We are thinking about a four pack with Baby Elephant all-natural sunscreen, aloe lotion, body wash/shampoo and tender tush cream. We would love to have some feedback/comments on this concept to assess interest. Products would be packaged together in 5 oz. bottles……Feel free to leave comments here or on our Facebook fan page at http://www.facebook.com/group.php?gid=261267912237
Tag Archive: Skin Cancer Foundation
We launched SolarAegis All-Natural Sunscreen into the market in January 2010. The goal for the first year was to get SolarAegis into a major, national retail chain and to launch our children’s product, Baby Elephant. Although I’ve been pleased with our overall progress the failure to complete these two key objectives was disappointing. Dealing with large corporations takes time and it would have been a tremendous accomplishment to get this done in the first year. We will continue our efforts in 2011 and think our chances for national market penetration will improve in year two. Baby Elephant continues to wait in the wings and was not launched primarily due to my waffling over minor details. This frustrated me because it’s not my typical M.O. and I plan to be more decisive on this line in 2011. I’m currently reviewing several strategies, with a couple of different entities, and will be moving on this product in Q1.
I felt good about the regional awareness SolarAegis attained during 2010. We are selling the product through several local businesses in Naples and I appreciate the support from the owners at Natures Garden, The Bike Route, Naples Soap Company and the staff at The Naples Botanical Garden. Sandy Feldblum has done a fabulous job repping the product through her beauty business and at a local market and seems to have a loyal following. Many thanks to these folks for your business in 2010. It’s much appreciated and we look forward to growing with you in 2011.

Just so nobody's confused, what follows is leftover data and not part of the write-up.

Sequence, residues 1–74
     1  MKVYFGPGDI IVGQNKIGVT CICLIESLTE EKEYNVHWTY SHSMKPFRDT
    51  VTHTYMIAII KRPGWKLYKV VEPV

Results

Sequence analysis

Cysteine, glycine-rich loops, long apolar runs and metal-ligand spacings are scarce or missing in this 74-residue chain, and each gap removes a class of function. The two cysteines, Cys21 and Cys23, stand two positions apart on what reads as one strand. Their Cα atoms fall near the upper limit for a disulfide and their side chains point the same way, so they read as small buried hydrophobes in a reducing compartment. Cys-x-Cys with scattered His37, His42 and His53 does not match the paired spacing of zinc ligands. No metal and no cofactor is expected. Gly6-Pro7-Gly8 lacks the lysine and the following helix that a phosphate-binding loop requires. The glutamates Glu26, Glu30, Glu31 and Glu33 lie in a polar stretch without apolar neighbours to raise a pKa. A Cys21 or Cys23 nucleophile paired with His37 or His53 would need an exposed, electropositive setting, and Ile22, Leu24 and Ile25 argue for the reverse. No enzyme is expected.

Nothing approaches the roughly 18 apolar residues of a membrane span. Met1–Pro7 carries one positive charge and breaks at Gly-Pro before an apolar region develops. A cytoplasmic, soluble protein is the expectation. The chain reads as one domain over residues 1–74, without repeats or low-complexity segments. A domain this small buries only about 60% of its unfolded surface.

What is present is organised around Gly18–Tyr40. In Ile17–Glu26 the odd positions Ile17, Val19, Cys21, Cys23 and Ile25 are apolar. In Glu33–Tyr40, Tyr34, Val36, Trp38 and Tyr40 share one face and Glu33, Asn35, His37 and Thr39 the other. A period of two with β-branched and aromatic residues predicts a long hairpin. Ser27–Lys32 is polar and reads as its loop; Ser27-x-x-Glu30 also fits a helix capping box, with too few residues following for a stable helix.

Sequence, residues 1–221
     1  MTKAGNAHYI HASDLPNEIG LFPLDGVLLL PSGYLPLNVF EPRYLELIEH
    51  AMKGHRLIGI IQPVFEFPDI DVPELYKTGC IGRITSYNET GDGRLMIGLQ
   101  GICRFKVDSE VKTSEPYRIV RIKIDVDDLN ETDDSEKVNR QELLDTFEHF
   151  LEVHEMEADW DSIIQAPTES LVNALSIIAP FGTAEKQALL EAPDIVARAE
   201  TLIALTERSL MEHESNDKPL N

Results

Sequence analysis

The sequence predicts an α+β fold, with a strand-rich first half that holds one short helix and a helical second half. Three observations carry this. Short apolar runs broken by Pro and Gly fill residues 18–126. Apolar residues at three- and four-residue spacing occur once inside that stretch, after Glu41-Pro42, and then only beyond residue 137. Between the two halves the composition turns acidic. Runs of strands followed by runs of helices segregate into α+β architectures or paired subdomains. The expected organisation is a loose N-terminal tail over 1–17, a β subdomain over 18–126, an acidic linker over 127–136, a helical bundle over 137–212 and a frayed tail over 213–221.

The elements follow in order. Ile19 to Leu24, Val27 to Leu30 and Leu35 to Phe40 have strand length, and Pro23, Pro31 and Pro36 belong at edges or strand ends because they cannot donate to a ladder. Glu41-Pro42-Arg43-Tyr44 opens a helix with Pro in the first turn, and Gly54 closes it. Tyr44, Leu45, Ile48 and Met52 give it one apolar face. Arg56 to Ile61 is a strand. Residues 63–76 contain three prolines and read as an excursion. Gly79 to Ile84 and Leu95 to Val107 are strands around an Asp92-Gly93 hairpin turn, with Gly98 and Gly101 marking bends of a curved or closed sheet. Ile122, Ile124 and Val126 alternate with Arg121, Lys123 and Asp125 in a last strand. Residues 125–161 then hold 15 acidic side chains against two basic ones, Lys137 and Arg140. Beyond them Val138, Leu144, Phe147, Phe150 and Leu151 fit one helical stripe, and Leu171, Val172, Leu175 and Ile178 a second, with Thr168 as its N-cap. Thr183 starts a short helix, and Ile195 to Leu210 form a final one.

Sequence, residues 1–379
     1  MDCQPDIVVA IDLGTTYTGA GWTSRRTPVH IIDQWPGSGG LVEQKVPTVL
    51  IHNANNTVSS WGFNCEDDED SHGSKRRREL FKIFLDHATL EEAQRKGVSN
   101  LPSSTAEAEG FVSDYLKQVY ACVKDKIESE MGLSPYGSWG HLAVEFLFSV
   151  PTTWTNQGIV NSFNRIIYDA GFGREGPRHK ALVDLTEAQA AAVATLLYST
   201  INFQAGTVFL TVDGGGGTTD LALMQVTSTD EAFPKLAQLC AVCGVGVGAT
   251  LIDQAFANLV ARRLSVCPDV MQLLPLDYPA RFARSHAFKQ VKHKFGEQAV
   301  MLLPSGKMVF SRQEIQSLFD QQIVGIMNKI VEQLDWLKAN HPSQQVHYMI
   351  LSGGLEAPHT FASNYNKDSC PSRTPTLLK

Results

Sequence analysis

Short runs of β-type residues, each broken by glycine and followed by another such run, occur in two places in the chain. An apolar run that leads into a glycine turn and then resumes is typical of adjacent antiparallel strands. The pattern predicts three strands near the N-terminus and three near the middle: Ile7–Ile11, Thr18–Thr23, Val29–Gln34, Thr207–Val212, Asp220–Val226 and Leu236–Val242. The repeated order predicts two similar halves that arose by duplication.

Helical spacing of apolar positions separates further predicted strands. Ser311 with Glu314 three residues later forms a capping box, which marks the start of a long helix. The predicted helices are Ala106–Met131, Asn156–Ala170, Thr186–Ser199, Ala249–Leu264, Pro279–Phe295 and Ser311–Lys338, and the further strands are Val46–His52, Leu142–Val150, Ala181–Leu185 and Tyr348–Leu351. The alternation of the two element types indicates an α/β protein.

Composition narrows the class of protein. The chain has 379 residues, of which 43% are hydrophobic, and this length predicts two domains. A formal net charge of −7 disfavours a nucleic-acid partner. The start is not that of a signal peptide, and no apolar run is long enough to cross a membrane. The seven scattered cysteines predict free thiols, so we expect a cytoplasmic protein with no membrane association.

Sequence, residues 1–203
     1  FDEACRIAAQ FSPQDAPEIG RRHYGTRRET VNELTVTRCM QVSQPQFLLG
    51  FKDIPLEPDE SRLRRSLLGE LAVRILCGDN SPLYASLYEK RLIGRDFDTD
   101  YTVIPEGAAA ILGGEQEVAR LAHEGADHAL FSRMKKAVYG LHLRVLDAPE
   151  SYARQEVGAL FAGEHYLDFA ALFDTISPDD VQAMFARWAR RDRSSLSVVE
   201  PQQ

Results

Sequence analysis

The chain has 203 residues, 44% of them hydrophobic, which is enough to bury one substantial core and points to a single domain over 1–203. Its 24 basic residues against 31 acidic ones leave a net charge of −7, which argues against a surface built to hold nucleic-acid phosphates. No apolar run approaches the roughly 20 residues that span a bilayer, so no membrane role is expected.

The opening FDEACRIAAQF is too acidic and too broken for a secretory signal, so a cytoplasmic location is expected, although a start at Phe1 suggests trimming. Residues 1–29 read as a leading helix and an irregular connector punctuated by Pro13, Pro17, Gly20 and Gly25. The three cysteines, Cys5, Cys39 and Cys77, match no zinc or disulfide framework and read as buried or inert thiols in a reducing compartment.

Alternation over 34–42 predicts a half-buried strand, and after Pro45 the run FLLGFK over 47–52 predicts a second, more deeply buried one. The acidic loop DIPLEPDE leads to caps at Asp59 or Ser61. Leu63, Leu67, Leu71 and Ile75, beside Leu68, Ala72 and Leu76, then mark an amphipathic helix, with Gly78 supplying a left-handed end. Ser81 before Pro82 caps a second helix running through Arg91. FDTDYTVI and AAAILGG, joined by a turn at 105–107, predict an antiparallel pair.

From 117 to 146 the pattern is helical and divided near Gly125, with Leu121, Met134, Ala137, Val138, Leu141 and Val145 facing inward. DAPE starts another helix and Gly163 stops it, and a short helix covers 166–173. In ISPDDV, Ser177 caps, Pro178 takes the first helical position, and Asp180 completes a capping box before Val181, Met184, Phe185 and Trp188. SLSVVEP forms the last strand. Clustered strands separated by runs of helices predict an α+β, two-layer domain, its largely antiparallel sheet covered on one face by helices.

We were able to modestly expand our reach outside of southwest Florida with online sales through OverallBeauty.com and Upurea.com. We also did some business with the Myrtle Beach Soap Company in Myrtle Beach, SC. and Aesthe in Los Angeles. Our biggest surprise, however, was shipments into South Korea. It was exciting to have our first international sales and we appreciate the work of Coseco for the loyal following in South Korea. We continue to focus on penetrating the Brazilian market, with the help of Hague Technologies, in an effort to offset the seasonality of the business. Brazil is an exciting, developing economy with growing sun health awareness. Our ongoing challenge remains finalizing government approval so we can begin regular sales.
SolarAegis remains an infant company and the risks are still very high, but we look forward to a great 2011 and want to thank all of the customers that have been so supportive in our first year. See you in 2011!!
When I first started delving into sun protection it appeared the Environmental Working Group (EWG) was a stern advocate of the consumer, especially when it came to personal care ingredients. I have since learned this group is essentially a lobbying firm out to promote their own political agendas. My concern over their criticism of sunscreen use is that they use scare tactics and fear mongering to progress their internal objectives. This could be done at the expense of the consumer, possibly influencing their decision to not use a product like sunscreen, to protect themselves from UV damage and possibly skin cancer. I have read all of their claims as they relate to sunscreen and sunscreen ingredients. I will post more here as I deem fit, but for now, it is important to know they are not the noble consumer advocates they lead you to believe they are…..